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Florida Bar Issues Estate Planning Guidance for COVID-19 Emergency

Coronavirus3

During the ongoing COVID-19 pandemic, all Florida residents are advised to practice “social distancing.” This presents unique challenges for estate planning. Many critical documents, such as a last will and testament, need to be signed in the presence of other witnesses. Other documents must be notarized. But if you are unable to leave your home and meet with other people at this time, what can you do? Is it possible to sign an estate planning document that does not fully comply with Florida law given the current emergency? Or are there other steps you can take to comply with the law while still practicing social distancing?

The Real Property, Probate and Trust Law Section of the Florida Bar recently issued a statement on these issues. The Bar’s statement is not legal advice. You should always consult with your own estate planning attorney before taking any actions. The Bar simply provided its own analysis of the legal situation as of April 3, 2020.

The Bar noted that while many states can accept wills that are in “substantial compliance” with local probate laws, even if they do not strictly comply with witnessing requirements, Florida judges have never recognized such an exception. To the contrary, Florida courts have always required “strict” compliance with the law, which requires any will to be signed in the physical presence of two witnesses.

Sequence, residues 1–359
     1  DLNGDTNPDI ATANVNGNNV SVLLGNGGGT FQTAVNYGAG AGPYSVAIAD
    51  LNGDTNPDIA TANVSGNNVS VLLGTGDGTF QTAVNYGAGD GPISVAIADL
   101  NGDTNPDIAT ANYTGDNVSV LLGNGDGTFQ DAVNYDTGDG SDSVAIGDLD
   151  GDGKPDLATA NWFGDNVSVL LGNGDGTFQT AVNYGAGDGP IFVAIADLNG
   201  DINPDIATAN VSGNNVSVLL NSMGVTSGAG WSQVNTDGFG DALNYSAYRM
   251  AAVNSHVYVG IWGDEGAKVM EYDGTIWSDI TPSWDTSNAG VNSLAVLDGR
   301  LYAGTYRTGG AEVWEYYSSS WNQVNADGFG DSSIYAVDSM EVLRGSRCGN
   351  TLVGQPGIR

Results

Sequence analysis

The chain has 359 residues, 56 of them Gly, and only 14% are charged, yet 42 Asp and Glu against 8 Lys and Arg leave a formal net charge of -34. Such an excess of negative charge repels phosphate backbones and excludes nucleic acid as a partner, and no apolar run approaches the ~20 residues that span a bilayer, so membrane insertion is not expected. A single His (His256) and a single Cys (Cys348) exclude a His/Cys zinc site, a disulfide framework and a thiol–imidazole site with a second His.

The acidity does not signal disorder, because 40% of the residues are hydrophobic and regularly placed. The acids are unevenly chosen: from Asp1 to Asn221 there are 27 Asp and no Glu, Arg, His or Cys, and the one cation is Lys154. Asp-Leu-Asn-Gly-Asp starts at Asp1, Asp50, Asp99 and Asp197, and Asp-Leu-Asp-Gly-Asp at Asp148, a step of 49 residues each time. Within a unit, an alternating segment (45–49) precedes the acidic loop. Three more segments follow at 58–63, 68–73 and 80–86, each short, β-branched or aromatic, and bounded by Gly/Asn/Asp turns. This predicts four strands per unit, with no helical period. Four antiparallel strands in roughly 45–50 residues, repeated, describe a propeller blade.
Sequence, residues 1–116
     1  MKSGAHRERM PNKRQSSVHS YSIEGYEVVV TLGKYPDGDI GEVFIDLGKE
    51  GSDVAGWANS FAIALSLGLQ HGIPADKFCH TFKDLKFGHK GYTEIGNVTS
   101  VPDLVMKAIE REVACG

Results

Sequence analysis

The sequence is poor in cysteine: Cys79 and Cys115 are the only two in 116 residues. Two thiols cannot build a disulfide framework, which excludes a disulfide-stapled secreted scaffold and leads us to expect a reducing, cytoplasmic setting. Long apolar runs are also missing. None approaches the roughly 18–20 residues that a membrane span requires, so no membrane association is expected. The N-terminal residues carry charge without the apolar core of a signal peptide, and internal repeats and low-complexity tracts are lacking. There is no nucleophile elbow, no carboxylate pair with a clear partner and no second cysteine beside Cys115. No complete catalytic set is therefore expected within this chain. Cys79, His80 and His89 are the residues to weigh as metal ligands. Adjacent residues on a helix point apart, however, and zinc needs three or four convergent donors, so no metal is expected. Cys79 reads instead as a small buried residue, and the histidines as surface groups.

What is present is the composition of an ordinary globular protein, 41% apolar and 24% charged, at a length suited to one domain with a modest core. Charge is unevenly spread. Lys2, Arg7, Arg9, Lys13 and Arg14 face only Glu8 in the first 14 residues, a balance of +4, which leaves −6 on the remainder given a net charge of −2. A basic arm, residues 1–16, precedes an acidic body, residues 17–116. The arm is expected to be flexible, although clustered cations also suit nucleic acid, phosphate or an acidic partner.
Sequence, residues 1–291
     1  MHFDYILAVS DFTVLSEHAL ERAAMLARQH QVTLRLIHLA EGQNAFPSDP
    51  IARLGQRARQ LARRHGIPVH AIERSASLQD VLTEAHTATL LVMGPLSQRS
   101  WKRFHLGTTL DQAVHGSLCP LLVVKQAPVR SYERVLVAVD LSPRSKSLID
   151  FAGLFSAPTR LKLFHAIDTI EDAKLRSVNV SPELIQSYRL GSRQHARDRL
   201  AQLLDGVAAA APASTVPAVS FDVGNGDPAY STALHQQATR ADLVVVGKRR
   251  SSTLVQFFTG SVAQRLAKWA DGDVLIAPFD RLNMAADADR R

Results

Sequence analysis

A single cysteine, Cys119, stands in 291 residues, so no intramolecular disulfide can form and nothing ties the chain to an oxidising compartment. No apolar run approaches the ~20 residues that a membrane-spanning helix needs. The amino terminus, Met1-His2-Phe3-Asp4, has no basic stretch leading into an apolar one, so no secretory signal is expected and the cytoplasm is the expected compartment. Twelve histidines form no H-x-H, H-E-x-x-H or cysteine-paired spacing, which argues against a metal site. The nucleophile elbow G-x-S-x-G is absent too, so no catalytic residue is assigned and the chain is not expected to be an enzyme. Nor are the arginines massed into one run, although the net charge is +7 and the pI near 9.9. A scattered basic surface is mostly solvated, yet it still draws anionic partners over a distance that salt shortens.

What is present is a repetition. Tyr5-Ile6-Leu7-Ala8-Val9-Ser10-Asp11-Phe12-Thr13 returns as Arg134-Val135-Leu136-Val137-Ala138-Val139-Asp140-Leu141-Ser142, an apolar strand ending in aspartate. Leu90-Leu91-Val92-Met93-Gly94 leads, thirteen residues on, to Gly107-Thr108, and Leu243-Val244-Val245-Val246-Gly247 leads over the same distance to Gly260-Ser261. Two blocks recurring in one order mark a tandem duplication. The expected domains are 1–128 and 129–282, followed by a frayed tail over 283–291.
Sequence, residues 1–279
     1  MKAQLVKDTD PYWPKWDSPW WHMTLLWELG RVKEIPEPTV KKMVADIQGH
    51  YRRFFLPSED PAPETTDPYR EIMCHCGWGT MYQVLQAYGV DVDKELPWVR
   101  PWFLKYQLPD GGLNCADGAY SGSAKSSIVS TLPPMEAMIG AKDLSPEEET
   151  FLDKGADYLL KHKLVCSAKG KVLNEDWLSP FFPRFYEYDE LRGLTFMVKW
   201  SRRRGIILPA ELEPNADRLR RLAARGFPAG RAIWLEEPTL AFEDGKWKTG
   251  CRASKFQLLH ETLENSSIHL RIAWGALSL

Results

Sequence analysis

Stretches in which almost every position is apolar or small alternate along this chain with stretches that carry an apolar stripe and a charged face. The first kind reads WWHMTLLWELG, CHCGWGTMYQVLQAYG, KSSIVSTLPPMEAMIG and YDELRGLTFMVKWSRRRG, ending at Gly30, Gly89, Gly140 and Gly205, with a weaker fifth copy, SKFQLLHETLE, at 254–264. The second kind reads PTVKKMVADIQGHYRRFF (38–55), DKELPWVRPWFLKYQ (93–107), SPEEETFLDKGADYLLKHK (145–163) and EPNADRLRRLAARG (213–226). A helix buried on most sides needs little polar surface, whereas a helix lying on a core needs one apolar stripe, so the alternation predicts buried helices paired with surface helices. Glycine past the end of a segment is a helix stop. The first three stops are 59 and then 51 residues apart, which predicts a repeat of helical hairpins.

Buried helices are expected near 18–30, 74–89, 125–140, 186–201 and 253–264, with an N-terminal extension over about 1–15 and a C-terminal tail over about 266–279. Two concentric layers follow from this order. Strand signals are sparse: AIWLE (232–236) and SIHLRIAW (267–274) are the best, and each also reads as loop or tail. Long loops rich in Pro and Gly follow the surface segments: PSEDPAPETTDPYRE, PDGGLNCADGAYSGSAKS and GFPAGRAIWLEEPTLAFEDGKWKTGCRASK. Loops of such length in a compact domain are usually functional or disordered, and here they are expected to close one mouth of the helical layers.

Nor could an executive authority–i.e., the governor–simply waive compliance as part of any emergency order to deal with the COVID-19 emergency. The Bar said its leadership had “discussed asking Governor DeSantis to issue an executive order” to do just that, but concluded this would raise constitutional issues. Instead, the “safest solution is for the legislature to act,” possibly in a special session.

Some Practical Advice for Estate Planning During a Time of Social Distancing

All that said, there are certain steps that Florida residents can still take if they need to make or revise crucial estate planning documents during this time of social distancing. Here are some of the Bar’s recommendations:

  • You do not need to notarize a will. While wills can be notarized to make them “self-proving” later in probate court, this is not a requirement. You only need two witnesses to make your will legal, and they can be family members or other people already living in your household.
  • If you have a will that either contains real property or disposes of property upon your death, it also must be witnessed by two persons in your physical presence. Again, these witnesses can be members of your family or household; they do not need to be “disinterested” persons.
  • Any deed or document that transfers real property must be notarized. However, Florida now permits remote notarization of documents other than wills or testamentary trusts.
  • Advance Directives for health care must be witnessed by two people, and this can be done remotely under Florida law. But any person you designate as a surrogate to make health care decisions for you cannot also serve as witness, and you must have at least one witness who is not your spouse or a blood relative. Similarly, a living will requires two witnesses, and one cannot be a spouse or blood relative.

Consult with a Florida Estate Planning Lawyer If You Have Any Questions

Estate planning is now on the minds of many Florida residents to an extent that it was not prior to the COVID-19 pandemic. If you are thinking now is the time to make a will or sign a health care directive, it is imperative you contact an experienced Fort Myers estate planning attorney as soon as possible. Call the Kuhn Law Firm, P.A., at 239-333-4529 today to speak with a member of our estate planning team.

Source:

rpptl.org/uploads/Statement%20re%20Testamentary%20Docs%20During%20COVID-19%20Crisis.pdf

https://www.kuhnlegal.com/what-happens-to-my-savings-bonds-after-i-die/

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